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WW2 Reenacting Reports and Unit Histories

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This page will describe and link to reports by different units as well as various unit histories.

After-Action Reports

After Action Report for 75th Armored Medical Battalion of 5th Armored Division – Discusses actions related to the medical battalion. Also a good example of how to write an after-action report and what it looks like.

It covers August 1944 to May 1945 and includes A, B, and C companies. Mostly a mention of movements, events, losses, and personal changes.

The 60mm Mortar Team in the Assault Section – This isn’t a field manual per se but some kind of restricted handout. To build a 60mm mortar see: How to Build a 60mm for WW2 Reenacting. For the firing tables see: WW2 Reenacting Ordinance and Firearm Printables

Medical Support of Landing Operations: Assault Training Center March 1944 – A pdf link to my Google Drive. Discusses how to conduct medical triage and operations during a landing. Mentions a few case studies as well as what equipment should be included when, where, and who.

One interesting thing is that it goes into detail about how operations change as the beachhead is expanded. Essentially, the wounded is pooled and treated during the initial 30 minutes. After an hour a battalion aid station is created. After 3 hours additional battalion aid stations are created as the beachhead expands forward, close to the front. You also get a primary collection point for all wounded. 12 hours you get vehicles such as jeeps and ambulances. After about 4 days you get evacuation hospitals.

Communications in Assault Operation – Nov 1943 from the US Assault Traning Center ETOUSA. Outlines what teams have what kinds of equipment, where they are positioned, and what net they operate on. Essentially how to have an integrated communication network across visual (ie flags) , wire and radio between infantry, tanks, field artillery, naval gunships, and aircraft.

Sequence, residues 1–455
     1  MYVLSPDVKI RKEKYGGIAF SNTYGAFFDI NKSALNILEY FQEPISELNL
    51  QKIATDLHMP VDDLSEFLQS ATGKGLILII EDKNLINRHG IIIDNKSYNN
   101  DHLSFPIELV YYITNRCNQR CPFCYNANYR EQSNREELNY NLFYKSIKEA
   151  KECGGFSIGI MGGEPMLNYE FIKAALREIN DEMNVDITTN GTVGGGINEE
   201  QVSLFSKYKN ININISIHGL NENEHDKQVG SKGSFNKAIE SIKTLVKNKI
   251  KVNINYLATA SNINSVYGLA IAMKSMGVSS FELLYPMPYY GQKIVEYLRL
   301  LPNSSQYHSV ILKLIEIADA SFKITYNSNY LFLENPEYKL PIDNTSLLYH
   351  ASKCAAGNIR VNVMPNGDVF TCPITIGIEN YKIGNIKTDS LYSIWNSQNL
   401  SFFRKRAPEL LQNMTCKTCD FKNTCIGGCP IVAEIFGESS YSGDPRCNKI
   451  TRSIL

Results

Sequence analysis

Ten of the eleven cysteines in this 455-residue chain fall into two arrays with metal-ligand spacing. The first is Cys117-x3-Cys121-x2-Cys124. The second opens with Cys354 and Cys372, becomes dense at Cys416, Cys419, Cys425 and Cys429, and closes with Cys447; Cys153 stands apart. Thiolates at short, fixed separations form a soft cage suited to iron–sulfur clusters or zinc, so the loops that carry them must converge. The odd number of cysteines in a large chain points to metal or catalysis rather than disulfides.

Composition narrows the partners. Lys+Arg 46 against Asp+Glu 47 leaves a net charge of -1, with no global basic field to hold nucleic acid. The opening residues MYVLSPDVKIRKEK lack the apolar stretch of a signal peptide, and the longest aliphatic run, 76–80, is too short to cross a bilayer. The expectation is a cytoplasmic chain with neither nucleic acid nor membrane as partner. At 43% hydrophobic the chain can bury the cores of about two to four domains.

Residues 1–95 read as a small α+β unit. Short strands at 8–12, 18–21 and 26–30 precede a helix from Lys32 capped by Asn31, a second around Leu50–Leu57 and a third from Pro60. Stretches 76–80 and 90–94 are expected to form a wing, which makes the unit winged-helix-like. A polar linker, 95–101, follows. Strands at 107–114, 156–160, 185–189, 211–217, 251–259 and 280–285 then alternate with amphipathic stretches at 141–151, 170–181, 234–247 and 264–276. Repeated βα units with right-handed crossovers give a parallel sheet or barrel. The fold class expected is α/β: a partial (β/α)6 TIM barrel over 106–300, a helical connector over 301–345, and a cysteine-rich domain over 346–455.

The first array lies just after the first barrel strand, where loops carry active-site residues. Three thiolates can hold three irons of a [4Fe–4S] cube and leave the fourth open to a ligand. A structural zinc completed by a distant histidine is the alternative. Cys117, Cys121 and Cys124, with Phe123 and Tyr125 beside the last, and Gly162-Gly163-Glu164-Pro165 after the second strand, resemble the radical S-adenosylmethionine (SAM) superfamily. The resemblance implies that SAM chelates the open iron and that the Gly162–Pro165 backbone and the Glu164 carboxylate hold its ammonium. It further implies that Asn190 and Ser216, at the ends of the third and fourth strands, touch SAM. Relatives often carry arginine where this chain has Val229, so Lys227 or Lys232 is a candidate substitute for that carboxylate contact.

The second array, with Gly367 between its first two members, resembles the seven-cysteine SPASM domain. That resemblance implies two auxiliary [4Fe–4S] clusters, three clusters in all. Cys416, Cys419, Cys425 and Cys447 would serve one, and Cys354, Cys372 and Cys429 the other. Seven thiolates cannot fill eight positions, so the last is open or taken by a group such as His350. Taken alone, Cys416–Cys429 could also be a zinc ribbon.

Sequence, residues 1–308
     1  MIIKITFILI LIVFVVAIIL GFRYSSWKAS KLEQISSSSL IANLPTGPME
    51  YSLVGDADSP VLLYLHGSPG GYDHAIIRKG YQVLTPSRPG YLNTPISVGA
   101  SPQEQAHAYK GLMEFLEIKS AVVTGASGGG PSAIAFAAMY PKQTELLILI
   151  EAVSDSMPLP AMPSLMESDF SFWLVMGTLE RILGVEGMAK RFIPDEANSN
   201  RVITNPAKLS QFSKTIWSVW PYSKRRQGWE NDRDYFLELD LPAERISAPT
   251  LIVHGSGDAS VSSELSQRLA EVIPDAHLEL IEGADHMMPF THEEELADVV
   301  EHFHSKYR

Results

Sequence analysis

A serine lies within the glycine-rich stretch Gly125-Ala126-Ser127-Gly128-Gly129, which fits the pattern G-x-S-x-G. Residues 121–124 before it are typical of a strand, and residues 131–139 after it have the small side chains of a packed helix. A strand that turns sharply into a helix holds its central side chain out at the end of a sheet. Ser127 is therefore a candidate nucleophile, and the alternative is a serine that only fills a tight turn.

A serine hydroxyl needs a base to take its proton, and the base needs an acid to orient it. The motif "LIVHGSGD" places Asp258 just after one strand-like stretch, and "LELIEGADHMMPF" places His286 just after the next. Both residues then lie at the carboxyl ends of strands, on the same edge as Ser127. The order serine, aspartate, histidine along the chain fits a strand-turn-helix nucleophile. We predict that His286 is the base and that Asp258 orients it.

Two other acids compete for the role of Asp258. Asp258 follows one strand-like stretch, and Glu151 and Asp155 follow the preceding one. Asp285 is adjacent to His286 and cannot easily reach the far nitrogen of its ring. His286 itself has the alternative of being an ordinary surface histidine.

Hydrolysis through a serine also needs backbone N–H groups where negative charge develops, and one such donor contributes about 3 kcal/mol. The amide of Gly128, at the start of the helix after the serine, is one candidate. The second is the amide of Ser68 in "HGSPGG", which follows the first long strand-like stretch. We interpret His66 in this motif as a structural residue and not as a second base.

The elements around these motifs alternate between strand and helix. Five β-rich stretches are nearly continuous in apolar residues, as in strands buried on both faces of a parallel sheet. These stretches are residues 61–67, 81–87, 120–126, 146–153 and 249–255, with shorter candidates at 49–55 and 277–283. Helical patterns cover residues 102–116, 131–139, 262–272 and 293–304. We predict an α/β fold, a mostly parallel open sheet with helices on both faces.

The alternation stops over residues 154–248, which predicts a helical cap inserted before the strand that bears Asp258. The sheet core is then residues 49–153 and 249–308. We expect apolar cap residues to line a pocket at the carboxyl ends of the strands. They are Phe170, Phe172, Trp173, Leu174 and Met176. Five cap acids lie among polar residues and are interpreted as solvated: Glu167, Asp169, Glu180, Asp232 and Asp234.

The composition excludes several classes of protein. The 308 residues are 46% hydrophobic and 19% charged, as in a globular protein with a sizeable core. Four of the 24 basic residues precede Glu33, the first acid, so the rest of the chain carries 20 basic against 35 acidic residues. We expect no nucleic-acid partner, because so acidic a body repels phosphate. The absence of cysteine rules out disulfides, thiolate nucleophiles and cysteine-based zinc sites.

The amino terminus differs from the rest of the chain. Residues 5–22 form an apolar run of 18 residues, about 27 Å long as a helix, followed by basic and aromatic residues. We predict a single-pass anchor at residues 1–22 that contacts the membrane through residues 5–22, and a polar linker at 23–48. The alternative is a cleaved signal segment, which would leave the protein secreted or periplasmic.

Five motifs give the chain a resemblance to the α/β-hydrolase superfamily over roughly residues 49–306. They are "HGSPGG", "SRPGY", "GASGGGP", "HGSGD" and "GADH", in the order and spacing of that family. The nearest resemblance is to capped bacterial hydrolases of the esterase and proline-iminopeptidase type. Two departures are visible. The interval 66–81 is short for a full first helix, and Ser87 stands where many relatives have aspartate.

Report no. 63 observations of Signal Corps activities, Cherbourg Peninsula, France from June 6th 1944 to July 6th 1944 – A fascinating document that outlines issues faced by the units during the campaign. Includes an example division radio net. Essentially, an after-action report for signal units. The following Signal Units were assessed –

Infantry Division Signal Company
1st Signal Company
2nd Signal Company
4th Signal Company
9th Signal Company
29th Signal Company
90th Signal Company
Armored Division Signal Company
142nd Armored Signal Company
Airborne Division Signal Company
82nd Airborne Signal Company
101st Airborne Signal Company

Joint Assault Signal Companies
Engineer Brigade Group Signal Company
286th Joint Assault Signal Company
293rd Joint Assault Signal Company
294th Joint Assault Signal Company

Signal Service Company
3251 Signal Service Company
3252 Signal Service Company

Corps Signal Battalion Signal Battalion
50th Signal Battalion
56th Signal Battalion

Signal Construction Battalion
29th Signal Construction

Signal Sections
1st Army
V Corps
VII Corps
VIII Corps
XIX Corps

7th Army Signal Corps Report of the Lessons Learned in the 1943 Operation Husky – Husky is the invasion of Sicily and the document outlines issues and suggestions for improvement in Signal Corps units of the 7th Army.

It’s noted that the SCR-536 was to be used at the company level either communicating across companies or communicating down to lower echelon units like platoon or section or squad.

Communication Activities Okinawa June 28th to June 30th, 1945 – A discussion of different issues faced by Signal Corps units during the Okinawa operations.

One big issue was supply. The units responsible for loading up the ships with supplies simply were not able to assemble all the tonnage required by the Signal Corps units in the time frame needed. So items that were supposed to be on a ship scheduled to land during the 7th echelon instead landed in the 12th. Indeed, telephone poles didn’t appear until 60 days later. Fortunately, units were able to improvise and press into service different pieces of equipment (such as substituting different gauge wire) along with reusing captured enemy and civilian wire/equipment.